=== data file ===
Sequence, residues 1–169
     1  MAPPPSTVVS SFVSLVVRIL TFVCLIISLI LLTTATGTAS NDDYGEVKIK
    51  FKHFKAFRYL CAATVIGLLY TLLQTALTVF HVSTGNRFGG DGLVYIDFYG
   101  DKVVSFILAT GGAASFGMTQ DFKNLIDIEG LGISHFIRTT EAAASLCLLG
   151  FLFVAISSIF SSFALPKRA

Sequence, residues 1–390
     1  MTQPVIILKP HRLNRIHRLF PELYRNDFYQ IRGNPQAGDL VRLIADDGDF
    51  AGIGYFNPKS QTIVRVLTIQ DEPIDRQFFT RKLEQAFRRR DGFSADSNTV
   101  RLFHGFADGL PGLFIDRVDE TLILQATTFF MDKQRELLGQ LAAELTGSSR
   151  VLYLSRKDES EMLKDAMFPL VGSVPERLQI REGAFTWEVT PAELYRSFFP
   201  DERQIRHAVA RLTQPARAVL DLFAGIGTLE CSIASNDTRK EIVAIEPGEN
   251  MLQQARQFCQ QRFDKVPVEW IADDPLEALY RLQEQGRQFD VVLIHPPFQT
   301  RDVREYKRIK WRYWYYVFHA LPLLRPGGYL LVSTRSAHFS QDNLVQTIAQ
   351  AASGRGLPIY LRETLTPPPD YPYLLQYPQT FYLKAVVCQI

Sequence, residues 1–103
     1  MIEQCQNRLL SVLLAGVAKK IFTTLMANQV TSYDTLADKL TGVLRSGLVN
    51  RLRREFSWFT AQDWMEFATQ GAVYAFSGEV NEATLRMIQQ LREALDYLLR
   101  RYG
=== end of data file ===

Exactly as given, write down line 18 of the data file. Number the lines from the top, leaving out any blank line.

   101  RYG